Seventh in a series
I teach several philosophy courses at St. John’s University in which I spend a number of classes on the topic of truth. At the start of my first presentation, I stress that what we will read and discuss about truth is one of the most important sections of the course. I believe that what I teach about the meaning of truth is true and I challenge the students to prove me wrong. The students are encouraged to come up with some questions that my philosophy of truth cannot handle. I tell them to come up with as many questions about the meaning of truth that they can.
For example: What is truth? Is there any absolute truth? Can truth become error? Can error become truth? Is truth eternal? Is all truth human? Can we know a truth about God? Is truth about God human truth? I am hoping that students deal with this part of the course very seriously because I think that many of our contemporaries have given up any hope of ever discovering truth. I hope that what I teach about the nature of truth the students will find helpful in their other courses.
In his Broken Signposts: How Christianity Makes Sense of the World (New York HarperOne, 2020, pp. 198, $27.99) N.T. Wright identifies truth as one of seven signposts that both individuals and cultures seek but that is “broken,” and he suggests that it can be healed by accepting the vision of God and the human person in St. John’s gospel. Early in his chapter on truth Wright proclaims:
“The Christian gospel, however, offers a deeper approach to truth than the world is able to provide. In a world where it is suggested that truth itself is an illusion- where truth itself seems like a broken signpost, leading us around in self-defeating circles — the followers of Jesus ought to respond that to proclaim the absence of truth is itself a lie. There is such a thing as truth, even if it’s more elusive and strange than we sometimes imagine. What’s more, it is the truth that will set us free — free to live as new creations and free to become truth-tellers in our own right.” (pp.140-141)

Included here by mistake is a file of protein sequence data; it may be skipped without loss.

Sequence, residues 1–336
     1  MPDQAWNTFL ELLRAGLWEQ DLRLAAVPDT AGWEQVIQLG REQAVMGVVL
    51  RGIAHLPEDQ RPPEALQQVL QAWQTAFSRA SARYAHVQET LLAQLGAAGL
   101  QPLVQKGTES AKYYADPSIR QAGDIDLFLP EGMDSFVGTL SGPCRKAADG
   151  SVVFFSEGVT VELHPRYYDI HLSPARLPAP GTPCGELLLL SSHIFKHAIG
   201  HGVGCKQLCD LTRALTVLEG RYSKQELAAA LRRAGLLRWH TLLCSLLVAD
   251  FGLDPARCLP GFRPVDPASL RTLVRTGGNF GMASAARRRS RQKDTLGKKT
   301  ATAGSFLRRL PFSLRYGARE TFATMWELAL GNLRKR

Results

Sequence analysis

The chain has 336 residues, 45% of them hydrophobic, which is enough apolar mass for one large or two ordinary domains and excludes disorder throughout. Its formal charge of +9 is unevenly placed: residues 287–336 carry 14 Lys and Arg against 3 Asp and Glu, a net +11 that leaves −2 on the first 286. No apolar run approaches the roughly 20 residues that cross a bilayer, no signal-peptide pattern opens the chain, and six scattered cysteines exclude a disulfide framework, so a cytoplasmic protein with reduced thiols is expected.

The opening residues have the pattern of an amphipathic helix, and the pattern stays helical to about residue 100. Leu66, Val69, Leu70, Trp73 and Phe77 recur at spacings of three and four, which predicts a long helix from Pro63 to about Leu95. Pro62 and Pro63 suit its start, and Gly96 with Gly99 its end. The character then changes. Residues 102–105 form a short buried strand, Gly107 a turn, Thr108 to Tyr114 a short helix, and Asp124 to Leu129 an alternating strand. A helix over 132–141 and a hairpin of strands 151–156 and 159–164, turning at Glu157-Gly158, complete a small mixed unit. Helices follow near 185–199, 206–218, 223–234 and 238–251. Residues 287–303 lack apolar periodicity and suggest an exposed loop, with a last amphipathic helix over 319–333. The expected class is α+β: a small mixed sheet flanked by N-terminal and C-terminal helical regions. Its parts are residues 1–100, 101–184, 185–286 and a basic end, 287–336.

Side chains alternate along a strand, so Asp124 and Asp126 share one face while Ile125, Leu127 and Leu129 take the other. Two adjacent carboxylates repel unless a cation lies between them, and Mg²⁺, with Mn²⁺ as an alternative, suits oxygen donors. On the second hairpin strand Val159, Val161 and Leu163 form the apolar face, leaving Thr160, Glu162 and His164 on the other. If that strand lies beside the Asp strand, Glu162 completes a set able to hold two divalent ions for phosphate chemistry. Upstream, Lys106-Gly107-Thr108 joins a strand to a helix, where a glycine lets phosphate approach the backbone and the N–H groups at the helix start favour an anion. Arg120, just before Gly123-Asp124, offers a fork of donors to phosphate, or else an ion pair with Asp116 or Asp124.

Truth frees us and liberates us; error does not. Scientific truths free us as we try to understand the material world and live in it in ways that are beneficial to us. Truths about history offer us opportunities to avoid errors that were made in the past. Truths in great literature can help us to understand ourselves better and so live more wisely. Religious truth can free us in the most important ways. Religious truth can reveal the most important truths about ourselves, about our neighbors, and about God. Wright argues that the truths in St. John’s gospel are magnificent and should enable us to appreciate how much we are loved by God and what liberating actions God has done for us and is doing for us. Jesus tells his apostles that he is the way and the truth and the life. Wright insists that Jesus is proclaiming the arrival of a new creation. He writes the following:
“Truth here is the strange, gentle yet also powerful truth of new creation, the new creation that fulfills the old by taking the shame and death of the old into itself and overcoming it. Truth is the reality of love, divine love, Jesus’ love, the Love made flesh.” (p. 143)
Jesus’ death, and resurrection, changes everything by fulfilling the hopes and dreams of the Jewish prophets and teachers in the Old Testament, and the fulfillment goes beyond any hope and dream. If we accept the vision of Jesus and creation that St. John presents then we should become truth-tellers, trying however we can to spread the Good News, especially by revealing how we have been freed by the truth that is Jesus. We should try to live in such a way that our lives would make no sense if Jesus had not conquered death. That he has conquered death has freed us to live the Good News. Our culture seems to have forgotten or denied the truth that Jesus has conquered death. The following is a succinct statement from Wright stressing how the truth in John’s gospel, the truth that is Jesus himself, can liberate in ways that no other truth can:
“But the fact that the kingdom comes from somewhere else — from God himself, obviously — rather than being created from within the present world, speaks powerfully of what this truth really is and how it comes into being. John has been telling us throughout his gospel that the Creator, the God of Abraham, to whom Jesus bears witness and whom he claims even in some strange sense even to embody, is the God of love.
Creation itself was made through love and will be remade through love. It is love that washes the disciples’ feet. It is love that invites them to share the intimacy of relation that exists even between the Father and the Son. It is love that goes to the cross.” (pp.149-150)
Father Lauder is a philosophy professor at St. John’s University, Jamaica. He presents two 15-minute talks from his lecture series on the Catholic Novel, 10:30 a.m. Monday through Friday on NET-TV.